What is the Importance of Photographs or Photography in India?

Photography is one of the new media forms that changes perception and changes the structure of society. It is actually leading the digital revolution in media today, especially with the advent of digital photography.
The increasing use of Social Media and the rise in new platforms has everyone classified as an amateur photographer so the need for quality photography is as important now than ever.

Photography is still art and very much a conversational component to the words we write, even at the documentary level and how we use it in the media should be treated as such.

Photography has been, since its birth, and to a degree continues to be today, a revolutionary means of communication. Images play an important role in mass media. Today’s generation rely on pictures both to understand a message and to send a message across. When we read a newspaper, for example, we look at the pictures first before reading the text, if at all. Some people just look at the pictures and read the headlines and captions, and move on to the next news story. When browsing a magazine, the images for an article leads us to understand what the article is all about. An image makes or breaks an advertising campaign as well. If the image chosen is bad, the advertisement is doomed.

The power of photography is unmeasurable and impressive. It is more powerful than any writeup or any print media, visual is always more preferable. Besides more attractive as well.

Nowadays we seem to be unable to survive without photos. A diner would take a photo before he/she starts with the food, a student would take a photo of the whiteboard instead of jogging down notes, a police would rely on photos to catch speeding cars and to keep records, and of course everyone takes photos when he/she sees something worth remembering.

Then there are also the subtler impacts such as its legacy in fine arts,film, the belief of capturing the present moment, and so on.  In the 21st Century, where the majority of photography has become digital (both in production and distribution), photography’s power lies in the various electronic devices with a lens (be it zoom or prime) and a photosensitive element (be it CCD or CMOS), in the technology of how the light is interpreted by the electric circuit, and in the shared rules/protocols of how such information is to be encoded, compressed, and decoded (RAW, JPEG, etc.) Without these, it would have been impossible to take a photo anywhere anytime with almost no cost nor trouble, to transfer light bouncing off objects’ surfaces into a digital file, and to make any use of the digital file. From the late 19th Century to the 20th, the power of photography came from the flourishing industry of film.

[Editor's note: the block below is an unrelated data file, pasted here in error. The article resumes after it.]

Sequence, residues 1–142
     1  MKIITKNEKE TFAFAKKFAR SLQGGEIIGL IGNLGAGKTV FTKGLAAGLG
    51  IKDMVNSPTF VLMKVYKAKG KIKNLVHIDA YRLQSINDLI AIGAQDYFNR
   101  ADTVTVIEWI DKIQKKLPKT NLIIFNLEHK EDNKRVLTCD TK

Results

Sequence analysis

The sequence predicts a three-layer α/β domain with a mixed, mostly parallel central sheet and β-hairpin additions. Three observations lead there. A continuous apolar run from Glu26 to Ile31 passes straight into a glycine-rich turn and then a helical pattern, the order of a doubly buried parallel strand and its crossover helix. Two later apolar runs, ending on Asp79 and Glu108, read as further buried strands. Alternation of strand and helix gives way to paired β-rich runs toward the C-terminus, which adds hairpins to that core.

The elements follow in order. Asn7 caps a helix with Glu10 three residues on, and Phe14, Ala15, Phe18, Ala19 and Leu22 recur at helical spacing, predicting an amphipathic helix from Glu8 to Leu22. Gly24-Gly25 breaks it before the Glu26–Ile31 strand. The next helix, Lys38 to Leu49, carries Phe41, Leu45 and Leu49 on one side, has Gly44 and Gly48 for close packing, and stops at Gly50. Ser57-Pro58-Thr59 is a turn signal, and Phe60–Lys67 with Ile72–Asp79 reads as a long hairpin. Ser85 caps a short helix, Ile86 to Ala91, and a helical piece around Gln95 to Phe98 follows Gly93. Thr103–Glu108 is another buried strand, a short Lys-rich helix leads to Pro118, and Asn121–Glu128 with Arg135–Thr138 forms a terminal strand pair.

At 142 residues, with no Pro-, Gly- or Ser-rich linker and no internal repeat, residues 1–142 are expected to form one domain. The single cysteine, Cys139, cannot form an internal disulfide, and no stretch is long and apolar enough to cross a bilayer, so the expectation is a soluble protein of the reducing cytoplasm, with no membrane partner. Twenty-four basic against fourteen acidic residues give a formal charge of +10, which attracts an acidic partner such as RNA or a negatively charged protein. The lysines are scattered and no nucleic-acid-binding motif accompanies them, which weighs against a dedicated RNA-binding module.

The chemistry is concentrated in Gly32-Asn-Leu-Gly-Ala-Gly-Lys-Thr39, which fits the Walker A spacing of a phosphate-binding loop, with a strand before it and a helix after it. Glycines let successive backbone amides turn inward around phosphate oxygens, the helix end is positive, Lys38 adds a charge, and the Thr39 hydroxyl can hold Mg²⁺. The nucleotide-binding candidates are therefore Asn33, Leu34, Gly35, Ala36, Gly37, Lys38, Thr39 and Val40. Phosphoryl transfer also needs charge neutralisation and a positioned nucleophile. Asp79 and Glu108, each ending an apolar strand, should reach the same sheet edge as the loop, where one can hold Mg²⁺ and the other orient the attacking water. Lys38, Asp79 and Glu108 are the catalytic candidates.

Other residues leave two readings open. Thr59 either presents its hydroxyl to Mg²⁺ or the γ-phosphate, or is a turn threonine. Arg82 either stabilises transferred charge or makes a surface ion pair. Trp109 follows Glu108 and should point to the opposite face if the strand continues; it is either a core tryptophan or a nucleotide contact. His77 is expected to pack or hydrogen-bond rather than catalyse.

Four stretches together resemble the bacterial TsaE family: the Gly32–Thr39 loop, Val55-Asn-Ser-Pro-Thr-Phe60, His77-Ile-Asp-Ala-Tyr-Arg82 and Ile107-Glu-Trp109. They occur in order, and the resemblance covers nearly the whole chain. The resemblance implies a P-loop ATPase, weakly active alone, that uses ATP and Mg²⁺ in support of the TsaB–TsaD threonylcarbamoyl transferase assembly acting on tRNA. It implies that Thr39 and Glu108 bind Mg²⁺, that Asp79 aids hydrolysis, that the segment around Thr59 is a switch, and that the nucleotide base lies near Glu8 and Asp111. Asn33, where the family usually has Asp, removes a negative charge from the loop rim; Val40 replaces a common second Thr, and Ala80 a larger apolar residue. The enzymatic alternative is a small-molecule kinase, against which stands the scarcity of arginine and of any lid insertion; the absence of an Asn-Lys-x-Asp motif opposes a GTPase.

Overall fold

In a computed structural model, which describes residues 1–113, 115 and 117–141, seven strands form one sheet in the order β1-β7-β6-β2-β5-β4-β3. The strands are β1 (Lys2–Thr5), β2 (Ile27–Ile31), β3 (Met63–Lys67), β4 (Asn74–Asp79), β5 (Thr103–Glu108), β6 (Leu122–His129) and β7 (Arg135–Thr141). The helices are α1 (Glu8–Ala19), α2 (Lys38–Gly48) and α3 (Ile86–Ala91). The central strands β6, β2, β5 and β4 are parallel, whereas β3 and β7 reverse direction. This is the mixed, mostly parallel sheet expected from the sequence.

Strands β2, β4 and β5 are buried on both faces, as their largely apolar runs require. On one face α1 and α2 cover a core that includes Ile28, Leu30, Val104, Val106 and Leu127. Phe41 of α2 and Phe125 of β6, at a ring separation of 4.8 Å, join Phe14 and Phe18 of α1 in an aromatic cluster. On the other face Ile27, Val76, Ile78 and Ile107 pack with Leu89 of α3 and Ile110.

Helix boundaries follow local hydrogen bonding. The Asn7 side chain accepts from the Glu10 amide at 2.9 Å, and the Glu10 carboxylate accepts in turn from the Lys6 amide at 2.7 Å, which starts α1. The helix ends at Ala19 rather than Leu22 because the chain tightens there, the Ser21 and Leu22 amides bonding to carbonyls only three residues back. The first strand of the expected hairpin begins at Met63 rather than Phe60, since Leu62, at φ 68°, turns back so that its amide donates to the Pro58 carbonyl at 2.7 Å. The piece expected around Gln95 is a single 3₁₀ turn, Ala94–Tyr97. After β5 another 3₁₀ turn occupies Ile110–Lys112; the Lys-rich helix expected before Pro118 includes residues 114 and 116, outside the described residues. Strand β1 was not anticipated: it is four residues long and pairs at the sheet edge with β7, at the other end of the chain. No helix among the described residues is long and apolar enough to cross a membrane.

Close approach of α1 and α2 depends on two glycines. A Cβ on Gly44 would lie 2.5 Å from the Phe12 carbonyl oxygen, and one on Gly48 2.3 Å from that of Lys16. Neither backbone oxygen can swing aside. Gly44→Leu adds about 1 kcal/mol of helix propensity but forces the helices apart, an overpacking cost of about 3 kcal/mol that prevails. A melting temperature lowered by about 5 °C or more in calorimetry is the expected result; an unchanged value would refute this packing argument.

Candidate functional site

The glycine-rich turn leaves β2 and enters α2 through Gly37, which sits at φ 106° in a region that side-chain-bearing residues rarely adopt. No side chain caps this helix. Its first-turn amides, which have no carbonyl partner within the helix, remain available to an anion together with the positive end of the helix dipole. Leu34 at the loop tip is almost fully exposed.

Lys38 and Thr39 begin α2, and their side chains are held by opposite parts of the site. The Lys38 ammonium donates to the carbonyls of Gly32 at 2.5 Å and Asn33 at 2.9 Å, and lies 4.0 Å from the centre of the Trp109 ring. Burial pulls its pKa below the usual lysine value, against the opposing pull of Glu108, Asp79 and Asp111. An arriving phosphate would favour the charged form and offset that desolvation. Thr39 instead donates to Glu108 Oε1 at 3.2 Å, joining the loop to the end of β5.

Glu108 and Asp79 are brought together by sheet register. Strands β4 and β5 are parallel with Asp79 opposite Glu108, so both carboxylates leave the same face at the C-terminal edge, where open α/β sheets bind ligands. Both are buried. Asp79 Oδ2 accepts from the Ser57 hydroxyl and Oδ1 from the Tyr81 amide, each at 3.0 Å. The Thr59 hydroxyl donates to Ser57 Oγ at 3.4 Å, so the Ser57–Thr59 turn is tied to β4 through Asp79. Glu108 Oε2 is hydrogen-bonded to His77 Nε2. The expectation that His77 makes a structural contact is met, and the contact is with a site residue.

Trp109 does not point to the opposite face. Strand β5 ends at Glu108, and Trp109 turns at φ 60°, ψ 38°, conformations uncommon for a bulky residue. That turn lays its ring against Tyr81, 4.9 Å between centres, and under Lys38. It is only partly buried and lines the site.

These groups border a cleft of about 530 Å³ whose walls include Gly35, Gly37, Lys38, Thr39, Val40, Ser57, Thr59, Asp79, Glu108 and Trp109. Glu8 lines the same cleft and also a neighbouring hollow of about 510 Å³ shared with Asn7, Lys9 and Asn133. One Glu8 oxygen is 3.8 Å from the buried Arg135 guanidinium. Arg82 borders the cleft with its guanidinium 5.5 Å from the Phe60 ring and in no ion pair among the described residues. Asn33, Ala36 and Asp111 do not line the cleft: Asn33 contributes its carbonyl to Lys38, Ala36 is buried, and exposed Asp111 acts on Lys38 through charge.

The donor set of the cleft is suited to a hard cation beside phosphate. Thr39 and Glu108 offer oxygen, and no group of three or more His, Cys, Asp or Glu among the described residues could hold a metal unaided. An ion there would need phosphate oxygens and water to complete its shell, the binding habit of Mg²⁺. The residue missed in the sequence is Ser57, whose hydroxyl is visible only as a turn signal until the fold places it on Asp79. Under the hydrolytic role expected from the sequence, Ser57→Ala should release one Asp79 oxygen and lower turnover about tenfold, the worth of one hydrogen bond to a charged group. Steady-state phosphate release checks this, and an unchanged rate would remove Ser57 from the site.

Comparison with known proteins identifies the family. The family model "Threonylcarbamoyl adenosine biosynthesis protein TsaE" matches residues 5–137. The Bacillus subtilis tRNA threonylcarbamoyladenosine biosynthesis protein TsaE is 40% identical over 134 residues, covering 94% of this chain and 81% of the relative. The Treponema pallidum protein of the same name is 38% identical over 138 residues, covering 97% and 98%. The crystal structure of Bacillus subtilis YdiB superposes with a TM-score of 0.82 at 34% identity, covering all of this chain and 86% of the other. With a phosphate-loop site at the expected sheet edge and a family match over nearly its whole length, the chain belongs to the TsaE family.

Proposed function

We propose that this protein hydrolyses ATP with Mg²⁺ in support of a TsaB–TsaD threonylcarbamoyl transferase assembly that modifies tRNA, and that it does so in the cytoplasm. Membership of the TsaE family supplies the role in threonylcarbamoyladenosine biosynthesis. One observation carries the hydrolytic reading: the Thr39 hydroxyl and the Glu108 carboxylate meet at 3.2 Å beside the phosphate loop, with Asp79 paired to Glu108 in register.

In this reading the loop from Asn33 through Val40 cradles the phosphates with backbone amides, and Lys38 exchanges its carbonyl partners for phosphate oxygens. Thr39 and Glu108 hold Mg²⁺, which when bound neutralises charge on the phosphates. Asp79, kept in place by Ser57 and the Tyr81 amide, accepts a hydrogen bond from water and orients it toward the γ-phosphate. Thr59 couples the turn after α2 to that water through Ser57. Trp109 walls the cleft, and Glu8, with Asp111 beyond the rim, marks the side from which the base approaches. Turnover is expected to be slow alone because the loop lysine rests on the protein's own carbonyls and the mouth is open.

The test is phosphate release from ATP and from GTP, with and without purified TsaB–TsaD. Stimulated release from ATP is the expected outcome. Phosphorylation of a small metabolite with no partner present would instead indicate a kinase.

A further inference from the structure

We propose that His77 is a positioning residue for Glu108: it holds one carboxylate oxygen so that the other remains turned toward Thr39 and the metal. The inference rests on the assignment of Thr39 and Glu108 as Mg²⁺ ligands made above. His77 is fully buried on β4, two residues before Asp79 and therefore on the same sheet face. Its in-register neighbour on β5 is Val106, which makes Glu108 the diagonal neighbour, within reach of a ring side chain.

Photography changed the way we remember things. It offers instantaneity and has the ability to capture actual events, a slice of reality. Roland Barthes, a preeminent theorist of photography, said that photograph is the "sovereign contingency," meaning it is dependent on something else happening. We now look to photographs as confirmation of memory. Photography has played a large role in our conception of history. Historically, photographs provided an objective record of real events. They were key, for instance, in confirming for the public the ravages of the Civil War and horrors of the Holocaust. However, we now know that photographic images can be manipulated as well with the invent of new technologies.

In its earliest incarnations, photography was still the domain of the rich. However, the Eastman Kodak company, which invented the instant camera and cheap 35mm film, put the power of photography in the hands of the general public. Anyone could point and click a camera, making photography the most widely used art form. The ability of the camera to record the world as it is has made it an invaluable tool in scientific research. It its early days it was used to record evidence on field trips, show portraits of remote tribes people or newly discovered animal species.
 
It could be argued that the invention of photography liberated the traditional arts (painting, sculpture, even literature) from the yoke of representation. Previously, art had been used to simply reproduce the world, but photography could do that better than any other form, and much more quickly. Artist had to find new modes of operation and seismic shifts in art production, from modernism to abstract expressionism, were all conceived in the wake of photography.

A successful photograph causes a reaction in a viewer, a visceral recognition that an image's story has been told. Compelling photographs evoke emotions in the viewer by approaching the subject in a unique way, whether literally through camera angle and perspective or metaphorically through lighting, composition or technique.

-PURBALI MANDAL
Student of Amity university Kolkata, pursuing Bachelors in Journalism and mass communication (2nd year).

4 comments:

Durgesh Nandini said...

Very detailed information. Nice post

Durgesh Nandini said...

Very indiemainfo post

Unknown said...

It made me remember ,ED SHEERAN's claasical PHOTOGRAPH

Namrata Dey said...

Good going